By Nga Pham
BBC Vietnamese Service
The Vietnamese Communist Party has celebrated its 64th year in power.
A Vietnamese blogger detained by police has said she was freed after promising she would quit writing her blog, which has been critical of the government.
Nguyen Ngoc Nhu Quynh is the last of three bloggers recently detained and then released by police.
A Vietnam Foreign Ministry spokeswoman said the three had been arrested legally for national security reasons.
Analysts say the authorities want to prevent blogs becoming a news source and a tool for opposition groups.
On 27 August, blogger Bui Thanh Hieu, also known as Nguoi Buon Gio, was arrested in Hanoi.
A day later journalist Pham Doan Trang, who worked for one of the most visited semi-official news websites in the country - VietnamNet, was also detained by the security police. She too ran a well-read personal blog.
Blogger Nguyen Ngoc Nhu Quynh was arrested on 2 September in the central city of Nha Trang. All three have now been released.
As official media generally stay silent on any subjects deemed sensitive and controversial by the ruling Communist Party, many Vietnamese have turned to the internet to share information and discuss topics of interest.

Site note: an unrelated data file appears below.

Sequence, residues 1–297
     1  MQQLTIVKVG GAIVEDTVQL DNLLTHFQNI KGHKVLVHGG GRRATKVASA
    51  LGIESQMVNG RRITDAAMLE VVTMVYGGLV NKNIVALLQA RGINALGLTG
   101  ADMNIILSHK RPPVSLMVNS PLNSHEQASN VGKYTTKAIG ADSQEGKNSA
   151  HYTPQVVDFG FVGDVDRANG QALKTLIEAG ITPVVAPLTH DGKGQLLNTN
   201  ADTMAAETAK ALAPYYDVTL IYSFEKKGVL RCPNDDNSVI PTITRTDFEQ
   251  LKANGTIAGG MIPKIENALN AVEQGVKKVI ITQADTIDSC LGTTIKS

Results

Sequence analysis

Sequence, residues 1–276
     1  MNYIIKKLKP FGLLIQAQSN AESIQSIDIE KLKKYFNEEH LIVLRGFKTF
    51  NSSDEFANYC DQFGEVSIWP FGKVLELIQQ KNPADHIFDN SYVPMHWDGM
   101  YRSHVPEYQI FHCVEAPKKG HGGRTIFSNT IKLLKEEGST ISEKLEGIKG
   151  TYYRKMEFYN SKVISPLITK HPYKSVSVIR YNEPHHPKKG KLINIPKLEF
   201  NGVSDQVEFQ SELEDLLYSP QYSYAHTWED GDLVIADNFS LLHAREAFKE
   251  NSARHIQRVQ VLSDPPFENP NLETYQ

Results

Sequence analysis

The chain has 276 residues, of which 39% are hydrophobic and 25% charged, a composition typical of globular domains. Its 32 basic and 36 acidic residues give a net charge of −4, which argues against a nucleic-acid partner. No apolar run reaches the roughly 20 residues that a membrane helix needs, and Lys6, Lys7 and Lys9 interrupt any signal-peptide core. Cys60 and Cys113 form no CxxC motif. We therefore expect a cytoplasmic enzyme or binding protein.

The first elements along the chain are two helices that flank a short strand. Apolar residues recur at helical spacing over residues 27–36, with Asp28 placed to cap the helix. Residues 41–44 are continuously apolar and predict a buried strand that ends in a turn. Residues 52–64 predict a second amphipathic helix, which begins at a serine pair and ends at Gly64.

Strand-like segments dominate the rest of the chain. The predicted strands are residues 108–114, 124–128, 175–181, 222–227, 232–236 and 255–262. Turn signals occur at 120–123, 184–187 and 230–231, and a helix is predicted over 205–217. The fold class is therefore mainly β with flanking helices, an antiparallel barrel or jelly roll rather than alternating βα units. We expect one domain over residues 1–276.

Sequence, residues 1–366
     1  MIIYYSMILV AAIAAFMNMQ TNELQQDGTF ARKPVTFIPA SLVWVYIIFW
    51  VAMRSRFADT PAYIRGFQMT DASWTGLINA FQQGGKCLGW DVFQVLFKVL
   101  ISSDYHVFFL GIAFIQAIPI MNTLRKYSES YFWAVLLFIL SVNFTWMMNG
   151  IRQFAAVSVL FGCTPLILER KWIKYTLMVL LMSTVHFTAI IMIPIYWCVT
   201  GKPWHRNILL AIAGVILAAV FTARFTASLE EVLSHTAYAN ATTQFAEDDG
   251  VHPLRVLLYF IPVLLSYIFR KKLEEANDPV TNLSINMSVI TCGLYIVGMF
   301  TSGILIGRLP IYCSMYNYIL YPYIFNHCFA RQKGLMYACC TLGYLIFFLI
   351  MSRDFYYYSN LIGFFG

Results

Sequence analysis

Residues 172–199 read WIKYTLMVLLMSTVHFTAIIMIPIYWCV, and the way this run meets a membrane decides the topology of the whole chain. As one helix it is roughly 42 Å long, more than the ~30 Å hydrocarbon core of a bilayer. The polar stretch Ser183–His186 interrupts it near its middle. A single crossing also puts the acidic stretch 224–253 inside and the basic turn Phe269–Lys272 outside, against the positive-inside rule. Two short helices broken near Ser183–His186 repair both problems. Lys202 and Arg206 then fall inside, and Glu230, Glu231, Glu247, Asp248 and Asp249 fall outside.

Analysts say the communist government fears it can not control the more than two million personal blogs in Vietnam as they become increasingly popular as an information medium.
"The Vietnam Communist Party and its security apparatus cannot tolerate matters they do not control. Territorial surveillance, bloc wardens and informers work when suspects are territorially based," says Vietnam analyst, Carlyle Thayer, from the Australian Defence Force Academy.
"Cyberspace represents a more formidable challenge because anonymous citizens can post their views and exchange ideas with others both inside and outside Vietnam."
Territorial disputes with Beijing over the Paracel and Spratly islands, alongside corruption and religious freedom, are among the most talked about topics.
The Vietnamese government does not want anti-China sentiments to get out of hand, but this is not the only reason for the authorities' concern.
Some people inside the country point out that blogs can also serve as a networking tool for groups with a different agenda from the Communist Party to organise face-to-face meetings.
"Online activities may make the authorities wary, but offline ones are what they're disturbed about," says a Ho Chi Minh City-based journalist who wishes to remain anonymous.
"They cannot control the internet, but they can and will punish whoever wants to act on the ideas they consider reactionary," the journalist says.
In his opinion, the latest developments might be part of the ongoing crackdown on political dissidents that saw dozens interrogated and detained in the last couple of months.
Among them are human rights lawyer Le Cong Dinh, businessman Tran Huynh Duy Thuc and democracy activist Nguyen Tien Trung.